I have to say that it’s been a great journey so far and I know it’s not done yet because I still have Fist of the North Star Two to get to. Still, that doesn’t diminish the high notes coming from the end of this arc. Great build up, great development of the main villain and various other characters, and the best production values that the show has seen so far. This a quick statement to make, but I have much more to say.
See my earlier reviews for the other characters already involved in this story. In this arc, we are introduced to the five chariot stars. The five are Huey, Shuren, Juza, Fudo, and Rihaku. Huey is the person with wind powers meant to measure Roah’s strength. Shuren, the man of firey passion and fire powers who wants revenge his fallen brother, Huey. Juza, the character who has a complicated past with Roah and eventually fights Roah with his self-taught material arts after gaining his soul back. Fudo is a kind mountain sized man who has adopted a lot of orphaned kids. Finally, there is Rihaku. He is the old strategist keeping an eye over the last South Star General. I can’t talk about the last South Star General, because that would be a massive spoiler.
Okay and now back to Raoh. He deserves an entire paragraph to himself, because he is more than the villain who wants to rule over anything. Despite his rough exterior and how he carries himself, he has a larger heart that anybody has realized and is a big man child that wants everything with unmatched martial arts abilities. A lot of time is spend not only developing the final conflict between Kenshiro and Raoh, but developing Raoh as a person. It gives Fist of the North Star so many more layers to the story knowing that the final villain of part one is a complex character.
Art and Animation:
I only just mentioned that the production values have increased compared to the rest of the show and it’s so true. I’m not only mentioning the final fight between Raoh and Kenshiro, which was phenomenal, but arc four as a whole. If I had to compare it to anything, it would be on par with the early Yu Yu Hakusho episodes and that which is nothing to sneeze at considering this aired almost a decade before Yu Yu. The art is more inherently detailed, more fights are animated or reuse less of the same bits of animation for each fight, and do I even have to mention the fight between Raoh and Kenshiro? It’s just wonderful to watch it all.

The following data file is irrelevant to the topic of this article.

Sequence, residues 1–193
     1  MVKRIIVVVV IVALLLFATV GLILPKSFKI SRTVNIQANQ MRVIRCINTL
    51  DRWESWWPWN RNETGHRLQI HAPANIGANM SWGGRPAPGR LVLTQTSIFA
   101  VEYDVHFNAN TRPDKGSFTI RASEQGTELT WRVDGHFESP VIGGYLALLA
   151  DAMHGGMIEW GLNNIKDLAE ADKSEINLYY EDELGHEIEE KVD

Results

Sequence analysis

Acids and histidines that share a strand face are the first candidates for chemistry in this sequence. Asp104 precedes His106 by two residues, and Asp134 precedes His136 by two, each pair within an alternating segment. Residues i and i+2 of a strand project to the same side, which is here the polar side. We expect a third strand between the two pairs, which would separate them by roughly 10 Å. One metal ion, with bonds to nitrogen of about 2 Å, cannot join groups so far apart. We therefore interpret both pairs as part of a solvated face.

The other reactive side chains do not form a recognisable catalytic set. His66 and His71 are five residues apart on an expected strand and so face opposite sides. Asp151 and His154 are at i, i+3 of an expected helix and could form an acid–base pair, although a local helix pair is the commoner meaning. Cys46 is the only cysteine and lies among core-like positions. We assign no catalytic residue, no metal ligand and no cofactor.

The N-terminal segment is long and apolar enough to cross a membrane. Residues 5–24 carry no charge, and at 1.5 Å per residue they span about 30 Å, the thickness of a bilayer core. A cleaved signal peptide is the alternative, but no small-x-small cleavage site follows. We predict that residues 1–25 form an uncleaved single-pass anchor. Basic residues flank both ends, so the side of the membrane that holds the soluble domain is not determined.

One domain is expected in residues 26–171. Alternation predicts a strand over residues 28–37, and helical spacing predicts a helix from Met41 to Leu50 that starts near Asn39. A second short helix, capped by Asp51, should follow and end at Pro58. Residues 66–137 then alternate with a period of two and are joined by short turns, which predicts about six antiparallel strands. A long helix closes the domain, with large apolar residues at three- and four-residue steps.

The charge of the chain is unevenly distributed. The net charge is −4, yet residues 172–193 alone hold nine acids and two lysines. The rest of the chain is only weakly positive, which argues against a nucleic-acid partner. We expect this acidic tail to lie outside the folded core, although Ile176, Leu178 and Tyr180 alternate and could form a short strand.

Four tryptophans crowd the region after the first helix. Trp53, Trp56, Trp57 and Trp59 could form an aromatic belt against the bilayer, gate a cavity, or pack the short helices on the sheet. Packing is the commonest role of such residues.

The story is easy enough to follow. It’s all about the buildup between Kenshiro and Raoh, with the last South Star General and the five chariot stars in the mix somewhere. It’s simple, but the execution is extremely solid and well done. It’s a fighting anime so it’s to be expected.
A lot of plot developments or backstories always seem to come out of nowhere. How Juza and Raoh know each other is mentioned, but we don’t see Juza in any previous flash backs. Or how Kenshiro has a special ability that had some development, but didn’t have a name until a semi climatic fight. There are other aspects and asspulls in how some characters that were previously thought dead were still alive somehow. So yes, lots of ass pulls, but I can’t help but casting them to the side because I had so much fun watching this series.
At this moment, I can’t help but recommend everybody to watch this series. If you are a major shonen junkie, which I partially am, then knowing where a lot of the tropes came from can be interesting. Especially when it’s in a solid package like this. If you are expecting a series with slow pacing, then you might be surprised. Fist of the North Star is on pace with a lot of modern shows. Just remember that this is from the 1980’s. The animation and art are old and will take some getting used to if you haven’t watched older anime before. That’s it.
Okay, I’m slowing down my anime watching for now. Luke Cage just came out and I also need to watch Stranger Things. It might be a while before I review Fist of the North Star 2.